Influencers are a new “influence” in the marketing world, and they prove they are a powerful source to deliver information. An influencer is someone that uses their platforms through paid sponsorships, to push a product or service to their followers. When you think of influencers, you may be thinking of celebrities like the Kardashians, however celebrities and influencers are often misconstrued as the same thing. The difference lies in the way they built their audience. Celebrities built their audience through their careers in tv, movies or music, whereas an influencer builds their audience using blog, vlogs, social media and channels that allow them to express their opinion. Both can use their status to promote products or services in exchange for a handsome fee, but is this the new method to marketing?
Influencers have been able to use social media for their benefit through gaining trust of their audience. They are average people with either a hobby, such as fashion or photography, that are willing to share their experiences and their honest opinions. Influencers are founded on whether they are relatable, their size of audience and their impact. It is the amplified “word of mouth” campaigns that resonates with their audience because it is not sales focused, but rather personal. An influencer will use their own images and copy; therefore their “voice” enforces the authenticity of the product and thus are more trustworthy than traditional advertising methods. Since the classic glorified marketing methods do not build personal relationships, consumers are now understanding that companies only show you what they want to see. Whereas, an influencer will break down the benefits, uses and tips in an informative way and therefore a more reliable source.
The rise in influencers and the pricetag around posts have resulted in a surplus of sponsored content, in which the audience may not like. It becomes oversaturated and therefore a less trustworthy product or service. Although this is the responsibility of the influencer to control and maintain, they could be blinded by the paycheques that keeps coming their way. This is where companies need to be more strategic with their choices in marketing influencers. Instead of looking for the largest number of followers and previous stats on past endorsements, they need to choose the right influencer that could target their specific type of audience. Or risk your brand being affiliated with someone that is deemed “annoying” and “untrustworthy”. They then must relinquish control and allow the influencer to be natural and promote the product/service to their audience the way the know how.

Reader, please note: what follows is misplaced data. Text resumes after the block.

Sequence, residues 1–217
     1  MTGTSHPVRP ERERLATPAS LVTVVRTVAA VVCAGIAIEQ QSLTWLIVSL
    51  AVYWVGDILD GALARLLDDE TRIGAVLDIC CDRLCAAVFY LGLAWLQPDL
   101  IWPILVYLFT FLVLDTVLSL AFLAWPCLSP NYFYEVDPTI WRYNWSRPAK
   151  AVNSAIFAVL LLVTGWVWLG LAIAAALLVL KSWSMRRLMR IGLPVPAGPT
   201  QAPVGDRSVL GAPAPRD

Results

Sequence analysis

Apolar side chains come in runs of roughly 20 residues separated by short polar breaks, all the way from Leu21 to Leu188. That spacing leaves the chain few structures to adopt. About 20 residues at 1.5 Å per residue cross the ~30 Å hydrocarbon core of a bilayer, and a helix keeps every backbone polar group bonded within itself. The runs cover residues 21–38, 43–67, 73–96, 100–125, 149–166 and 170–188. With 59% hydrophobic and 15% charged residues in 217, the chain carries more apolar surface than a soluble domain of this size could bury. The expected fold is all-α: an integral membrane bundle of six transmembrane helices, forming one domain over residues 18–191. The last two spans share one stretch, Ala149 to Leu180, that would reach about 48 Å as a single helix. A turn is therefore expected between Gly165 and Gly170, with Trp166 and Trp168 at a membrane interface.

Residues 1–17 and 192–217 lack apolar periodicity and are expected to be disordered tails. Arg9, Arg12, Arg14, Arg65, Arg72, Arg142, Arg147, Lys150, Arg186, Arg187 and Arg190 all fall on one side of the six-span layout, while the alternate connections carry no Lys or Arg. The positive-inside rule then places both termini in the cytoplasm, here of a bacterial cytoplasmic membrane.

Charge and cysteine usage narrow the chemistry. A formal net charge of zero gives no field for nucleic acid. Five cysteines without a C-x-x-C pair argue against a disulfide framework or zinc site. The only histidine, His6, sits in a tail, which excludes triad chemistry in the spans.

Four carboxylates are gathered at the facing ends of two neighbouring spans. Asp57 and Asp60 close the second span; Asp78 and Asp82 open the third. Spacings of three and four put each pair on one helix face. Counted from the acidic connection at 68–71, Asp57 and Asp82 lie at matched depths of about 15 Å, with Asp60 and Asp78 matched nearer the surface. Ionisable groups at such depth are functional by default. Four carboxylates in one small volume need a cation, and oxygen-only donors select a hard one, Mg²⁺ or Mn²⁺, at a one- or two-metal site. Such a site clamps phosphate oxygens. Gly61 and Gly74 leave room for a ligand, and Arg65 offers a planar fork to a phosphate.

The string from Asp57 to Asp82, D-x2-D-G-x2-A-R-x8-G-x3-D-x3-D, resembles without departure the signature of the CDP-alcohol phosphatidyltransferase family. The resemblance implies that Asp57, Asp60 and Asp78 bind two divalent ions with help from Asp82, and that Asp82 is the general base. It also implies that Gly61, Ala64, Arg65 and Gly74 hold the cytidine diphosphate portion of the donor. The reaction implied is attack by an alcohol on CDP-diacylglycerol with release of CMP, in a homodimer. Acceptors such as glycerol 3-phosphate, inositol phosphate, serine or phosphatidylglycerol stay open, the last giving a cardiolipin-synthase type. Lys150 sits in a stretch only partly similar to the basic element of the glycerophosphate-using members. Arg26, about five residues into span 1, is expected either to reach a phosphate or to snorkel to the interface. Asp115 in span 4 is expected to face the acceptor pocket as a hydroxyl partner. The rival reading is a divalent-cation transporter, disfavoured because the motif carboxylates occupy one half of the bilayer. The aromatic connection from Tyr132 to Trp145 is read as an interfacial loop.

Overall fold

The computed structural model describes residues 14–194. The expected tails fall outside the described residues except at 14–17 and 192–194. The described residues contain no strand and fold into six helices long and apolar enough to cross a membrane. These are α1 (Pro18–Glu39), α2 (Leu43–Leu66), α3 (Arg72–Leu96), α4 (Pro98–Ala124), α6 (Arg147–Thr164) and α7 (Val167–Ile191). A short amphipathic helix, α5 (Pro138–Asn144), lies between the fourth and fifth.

Influencers have been able to profit off postings that most have turned it into a full-time job. This has caused an impact in traditional marketing methods, as companies are diverting their attention completely. Therefore, with influencers using platforms like Facebook and Instagram to push their platforms, the social media companies are realizing they are not profiting and their own ad services are taking a hit. So how do they ensure that they are still able to make a profit off of ads? Well, they simply take away “likes” which is an influencer ‘bread and butter’. These “likes” are stats that companies want to see when someone is promoting their product. Although Facebook/Instagram are preaching that removing then “likes” will help with mental health, they have obviously done the math to ensure they are still making money off their marketing methods.
Influencers have been changing the game when it comes to marketing, but it has a come to a point where people are questioning the brand and the influencers authenticity. The new trend for 2020 digital marketing will be using micro-influencers to promote their product. This is because these influencers have less that 1,000 followers, which is a targeted and specific audience. The specific audience means their product is more likely to resonate with the audience. But what will the next trend be when it once becomes over saturated?
Canadian Tire is a household name in Canada. It was a founded by two brothers in 1922, quickly became incorporated and has grown into over 1,700 stores. They now own Mark’s Work Wearhouse, Sport Check and other sports stores. As a child, you may remember getting the weekly flyer delivered or even playing with their Canadian tire money, but in the recent years the company has dove into the digital world of marketing. Converting, but not excluding, traditional marketing strategies to include social media, digital ads, a fancy website, promotions and charitable campaigns.